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  1. Lindauer, Cathleen DNP, RN, CEN
  2. Speroni, Karen Gabel PhD, RN, MHSA
  3. Godinez, Kim BSN, RN
  4. Lurz, Taylor BSN, RN
  5. Oakley, Rossana MSN, RN, AGCNS-BC, CMSRN
  6. Zakes, April BSN, RN


OBJECTIVE: Objectives were to evaluate patient perceptions of a nurse-led, patient-centered gratitude intervention and if nurses identified actionable items to improve patient's hospitalization experience.


BACKGROUND: Research demonstrates positive effects of gratitude and caring interventions on patient health and well-being. Evidence is sparse regarding nurse-led gratitude interventions improving hospitalized patient's experiences.


METHODS: In this pilot study, 91 adult medical patients completed gratitude forms twice daily for up to 6 shifts and a study discharge form documenting intervention perceptions. In response to the patients' gratitude-related feedback, RNs recorded patient experience-related actions they and interprofessional teams could implement.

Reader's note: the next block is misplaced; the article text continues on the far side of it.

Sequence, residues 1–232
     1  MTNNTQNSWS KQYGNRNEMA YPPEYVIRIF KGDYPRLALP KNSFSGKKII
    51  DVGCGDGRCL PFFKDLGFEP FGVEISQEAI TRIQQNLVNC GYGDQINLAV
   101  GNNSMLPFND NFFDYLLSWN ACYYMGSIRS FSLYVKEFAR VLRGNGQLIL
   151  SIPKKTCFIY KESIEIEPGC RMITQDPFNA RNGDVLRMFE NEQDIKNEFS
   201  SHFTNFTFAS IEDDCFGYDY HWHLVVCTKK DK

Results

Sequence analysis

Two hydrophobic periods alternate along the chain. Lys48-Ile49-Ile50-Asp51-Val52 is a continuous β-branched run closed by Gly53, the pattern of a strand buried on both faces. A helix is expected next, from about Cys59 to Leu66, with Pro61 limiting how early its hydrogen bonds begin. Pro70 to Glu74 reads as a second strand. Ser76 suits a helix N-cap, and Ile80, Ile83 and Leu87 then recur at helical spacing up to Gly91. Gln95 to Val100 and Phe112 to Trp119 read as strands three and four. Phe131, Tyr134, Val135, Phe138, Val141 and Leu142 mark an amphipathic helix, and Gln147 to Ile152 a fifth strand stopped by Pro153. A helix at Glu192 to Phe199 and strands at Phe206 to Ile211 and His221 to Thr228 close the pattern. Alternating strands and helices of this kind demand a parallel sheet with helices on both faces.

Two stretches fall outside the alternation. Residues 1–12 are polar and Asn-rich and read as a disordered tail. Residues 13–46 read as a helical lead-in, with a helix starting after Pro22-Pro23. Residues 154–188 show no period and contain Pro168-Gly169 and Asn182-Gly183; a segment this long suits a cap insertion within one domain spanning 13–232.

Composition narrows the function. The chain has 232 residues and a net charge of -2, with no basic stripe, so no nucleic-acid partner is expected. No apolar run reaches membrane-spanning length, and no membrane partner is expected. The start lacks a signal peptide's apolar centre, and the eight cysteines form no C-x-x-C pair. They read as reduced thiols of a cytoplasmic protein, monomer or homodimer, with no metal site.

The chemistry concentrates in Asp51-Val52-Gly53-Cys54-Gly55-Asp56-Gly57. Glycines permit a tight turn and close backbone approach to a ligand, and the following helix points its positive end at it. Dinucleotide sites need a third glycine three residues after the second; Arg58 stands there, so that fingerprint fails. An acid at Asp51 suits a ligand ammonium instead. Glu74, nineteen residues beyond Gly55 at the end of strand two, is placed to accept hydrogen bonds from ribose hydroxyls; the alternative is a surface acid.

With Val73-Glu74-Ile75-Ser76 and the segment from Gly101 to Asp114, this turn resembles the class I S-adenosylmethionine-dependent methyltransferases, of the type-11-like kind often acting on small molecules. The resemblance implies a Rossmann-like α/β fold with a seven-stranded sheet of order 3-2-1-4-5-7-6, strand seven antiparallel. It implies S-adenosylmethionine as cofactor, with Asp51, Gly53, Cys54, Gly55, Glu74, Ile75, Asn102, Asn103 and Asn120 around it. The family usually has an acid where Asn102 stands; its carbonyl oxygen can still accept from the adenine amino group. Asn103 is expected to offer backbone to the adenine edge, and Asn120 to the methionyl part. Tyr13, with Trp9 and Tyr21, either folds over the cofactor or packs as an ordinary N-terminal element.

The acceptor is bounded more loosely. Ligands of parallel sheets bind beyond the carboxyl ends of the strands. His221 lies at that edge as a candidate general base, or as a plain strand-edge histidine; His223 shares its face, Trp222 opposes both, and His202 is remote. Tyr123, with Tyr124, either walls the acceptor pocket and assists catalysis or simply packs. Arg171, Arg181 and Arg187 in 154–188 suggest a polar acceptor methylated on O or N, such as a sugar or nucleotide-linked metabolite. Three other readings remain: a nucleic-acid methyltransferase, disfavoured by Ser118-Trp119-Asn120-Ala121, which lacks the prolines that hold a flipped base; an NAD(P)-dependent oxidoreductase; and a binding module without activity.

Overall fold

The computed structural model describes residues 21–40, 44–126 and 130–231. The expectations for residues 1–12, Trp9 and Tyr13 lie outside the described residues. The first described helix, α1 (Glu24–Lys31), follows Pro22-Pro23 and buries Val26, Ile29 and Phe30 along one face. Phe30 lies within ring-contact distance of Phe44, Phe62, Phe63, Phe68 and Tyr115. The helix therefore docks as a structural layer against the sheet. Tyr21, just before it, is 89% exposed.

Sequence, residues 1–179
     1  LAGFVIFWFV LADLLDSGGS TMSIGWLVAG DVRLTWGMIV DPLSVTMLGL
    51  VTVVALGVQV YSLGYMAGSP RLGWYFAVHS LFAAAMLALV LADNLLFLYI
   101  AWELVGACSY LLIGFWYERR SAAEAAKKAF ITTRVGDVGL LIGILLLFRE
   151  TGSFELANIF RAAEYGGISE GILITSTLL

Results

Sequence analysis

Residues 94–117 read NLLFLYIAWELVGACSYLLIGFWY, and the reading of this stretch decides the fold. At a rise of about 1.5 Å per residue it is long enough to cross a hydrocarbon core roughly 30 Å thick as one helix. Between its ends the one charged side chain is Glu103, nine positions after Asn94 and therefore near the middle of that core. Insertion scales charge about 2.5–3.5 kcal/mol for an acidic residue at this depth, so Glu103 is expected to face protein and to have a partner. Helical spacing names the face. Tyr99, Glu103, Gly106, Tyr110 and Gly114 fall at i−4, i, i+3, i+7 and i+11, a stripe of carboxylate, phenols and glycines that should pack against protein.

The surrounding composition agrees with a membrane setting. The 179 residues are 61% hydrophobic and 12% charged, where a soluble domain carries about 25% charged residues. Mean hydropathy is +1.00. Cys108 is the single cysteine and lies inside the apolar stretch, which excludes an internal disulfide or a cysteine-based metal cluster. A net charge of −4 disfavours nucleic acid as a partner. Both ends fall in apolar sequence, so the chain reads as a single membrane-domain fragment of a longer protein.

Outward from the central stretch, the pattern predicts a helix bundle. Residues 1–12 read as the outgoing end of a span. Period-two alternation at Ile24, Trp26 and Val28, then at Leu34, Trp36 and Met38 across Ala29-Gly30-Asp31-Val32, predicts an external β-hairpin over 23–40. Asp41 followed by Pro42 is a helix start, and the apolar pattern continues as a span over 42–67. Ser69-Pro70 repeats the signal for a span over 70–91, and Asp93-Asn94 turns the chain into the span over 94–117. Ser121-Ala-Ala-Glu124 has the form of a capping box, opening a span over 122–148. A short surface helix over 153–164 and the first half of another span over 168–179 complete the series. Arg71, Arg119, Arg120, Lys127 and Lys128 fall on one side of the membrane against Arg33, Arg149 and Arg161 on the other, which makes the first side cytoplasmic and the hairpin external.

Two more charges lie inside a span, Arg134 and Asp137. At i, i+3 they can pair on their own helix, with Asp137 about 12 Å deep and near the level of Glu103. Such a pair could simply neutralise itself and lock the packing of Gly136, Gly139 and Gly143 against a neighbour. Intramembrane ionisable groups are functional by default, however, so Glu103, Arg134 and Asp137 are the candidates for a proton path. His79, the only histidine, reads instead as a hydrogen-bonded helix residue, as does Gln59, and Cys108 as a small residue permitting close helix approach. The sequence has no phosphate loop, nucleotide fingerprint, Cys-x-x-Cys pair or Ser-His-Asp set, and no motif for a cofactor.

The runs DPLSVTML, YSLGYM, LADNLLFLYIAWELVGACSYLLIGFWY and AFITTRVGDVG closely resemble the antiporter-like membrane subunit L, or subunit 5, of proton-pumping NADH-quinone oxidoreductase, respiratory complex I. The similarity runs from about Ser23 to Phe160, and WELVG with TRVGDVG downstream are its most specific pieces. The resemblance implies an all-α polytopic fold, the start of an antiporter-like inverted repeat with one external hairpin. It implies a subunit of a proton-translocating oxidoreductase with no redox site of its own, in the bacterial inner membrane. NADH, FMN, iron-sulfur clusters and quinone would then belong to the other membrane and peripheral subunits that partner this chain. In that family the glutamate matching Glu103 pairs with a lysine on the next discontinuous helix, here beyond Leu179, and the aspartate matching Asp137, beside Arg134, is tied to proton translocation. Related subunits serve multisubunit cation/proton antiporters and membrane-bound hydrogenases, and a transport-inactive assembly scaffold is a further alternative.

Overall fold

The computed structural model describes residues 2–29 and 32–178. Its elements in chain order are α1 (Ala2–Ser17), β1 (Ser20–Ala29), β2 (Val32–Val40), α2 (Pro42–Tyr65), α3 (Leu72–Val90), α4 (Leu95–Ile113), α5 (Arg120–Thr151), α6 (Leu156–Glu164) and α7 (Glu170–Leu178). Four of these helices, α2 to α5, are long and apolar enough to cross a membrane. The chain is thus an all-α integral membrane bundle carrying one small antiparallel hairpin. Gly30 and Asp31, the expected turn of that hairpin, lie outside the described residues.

RESULTS: On average, patients perceived the nurse-led gratitude intervention as helpful (4.2) (1 = very unhelpful, 5 = very helpful) and improved hospitalization experiences (4.3) (1 = seldom, 5 = never). Most of the time actions were required or to be taken, based on patient gratitude intervention responses.


CONCLUSIONS: Patient perceptions of nurse-led gratitude intervention demonstrated helpfulness and improved hospitalization experience.